God’s Heavenly Insurance Policy

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Jesus set the standard for giving when He relinquished all that He had so that we might become spiritually rich. The Apostle Paul reminds us of this in 2 Corinthians 8:9, “Though [Jesus] was rich, for your sake He became poor, so that by His poverty you might become rich.” Likewise, we should be willing to share our wealth with those in need.

God has a heart for those in need. In the Old Testament, God commanded farmers to leave some of their crops in the field for the poor and the strangers in the land to glean (Lev. 19:9–10). In Isaiah 58:6–7 and 9–10, He told the Israelites:

Isn’t the fast I choose … to share your bread with the hungry, to bring the poor and homeless into your house, to clothe the naked when you see him, and not to ignore your own flesh and blood? … At that time, when you call, the LORD will answer; when you cry out, He will say, “Here I am.” If you get rid of the yoke among you, the finger-pointing and malicious speaking, and if you offer yourself to the hungry, and satisfy the afflicted one, then your light will shine in the darkness, and your night will be like noonday.

Similarly, John the Baptist commanded the people, “The one who has two shirts must share with someone who has none, and the one who has food must do the same” (Luke 3:11). And John questions in 1 John 3:17, “If anyone has this world’s goods and sees his brother in need but closes his eyes to his need—how can God’s love reside in him?”

Given the heart of God, it should not be surprising to discover that one of the gifts of the Holy Spirit given to the church is a spirit of generosity that seeks to contribute to the needs of others (Rom. 12:6–8). But Jesus cautions that when we give, it should not be to further our own reputation:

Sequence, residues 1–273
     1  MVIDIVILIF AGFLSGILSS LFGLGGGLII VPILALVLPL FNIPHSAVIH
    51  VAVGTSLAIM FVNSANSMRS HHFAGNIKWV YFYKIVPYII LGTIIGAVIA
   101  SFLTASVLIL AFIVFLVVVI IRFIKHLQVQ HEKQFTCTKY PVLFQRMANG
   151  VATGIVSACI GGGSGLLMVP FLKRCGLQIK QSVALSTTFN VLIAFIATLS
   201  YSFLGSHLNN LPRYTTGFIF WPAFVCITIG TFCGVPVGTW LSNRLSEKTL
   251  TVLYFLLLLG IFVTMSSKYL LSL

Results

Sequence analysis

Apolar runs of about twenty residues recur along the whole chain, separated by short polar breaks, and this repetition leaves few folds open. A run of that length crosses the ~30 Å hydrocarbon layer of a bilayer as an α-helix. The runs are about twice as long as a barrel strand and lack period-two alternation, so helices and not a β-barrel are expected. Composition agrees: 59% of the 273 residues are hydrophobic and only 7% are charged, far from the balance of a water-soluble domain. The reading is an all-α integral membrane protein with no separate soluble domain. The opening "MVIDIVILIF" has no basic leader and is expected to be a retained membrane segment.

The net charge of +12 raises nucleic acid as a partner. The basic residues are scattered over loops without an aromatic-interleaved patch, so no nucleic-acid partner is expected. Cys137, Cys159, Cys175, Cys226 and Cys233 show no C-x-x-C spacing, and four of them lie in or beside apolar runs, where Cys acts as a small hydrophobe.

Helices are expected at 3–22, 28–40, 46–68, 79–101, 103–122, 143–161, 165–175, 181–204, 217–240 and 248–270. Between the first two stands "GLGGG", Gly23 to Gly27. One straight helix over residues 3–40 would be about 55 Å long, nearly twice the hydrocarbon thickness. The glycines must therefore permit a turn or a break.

Be careful not to practice your righteousness in front of people, to be seen by them. Otherwise, you will have no reward from your Father in heaven. So whenever you give to the poor, don’t sound a trumpet before you, as the hypocrites do in the synagogues and on the streets, to be applauded by people. I assure you: They’ve got their reward! But when you give to the poor, don’t let your left hand know what your right hand is doing, so that your giving may be in secret. And your Father who sees in secret will reward you.


Generous giving among Christians is one of God’s favorite means of supplying the needs of His people. When raising money for the needs of those in the church at Jerusalem, the Apostle Paul wrote to the Corinthians, “It is not that there may be relief for others and hardship for you, but it is a question of equality—at the present time your surplus is available for their need, so their abundance may also become available for our need, so there may be equality. As it has been written: The person who gathered much did not have too much, and the person who gathered little did not have too little” (emphasis removed). God’s heart is for His people to continually seek to help one another financially. In doing so, the needs of His people will be met by one another. Therefore, investing in the needs of others is a kind of heavenly insurance policy.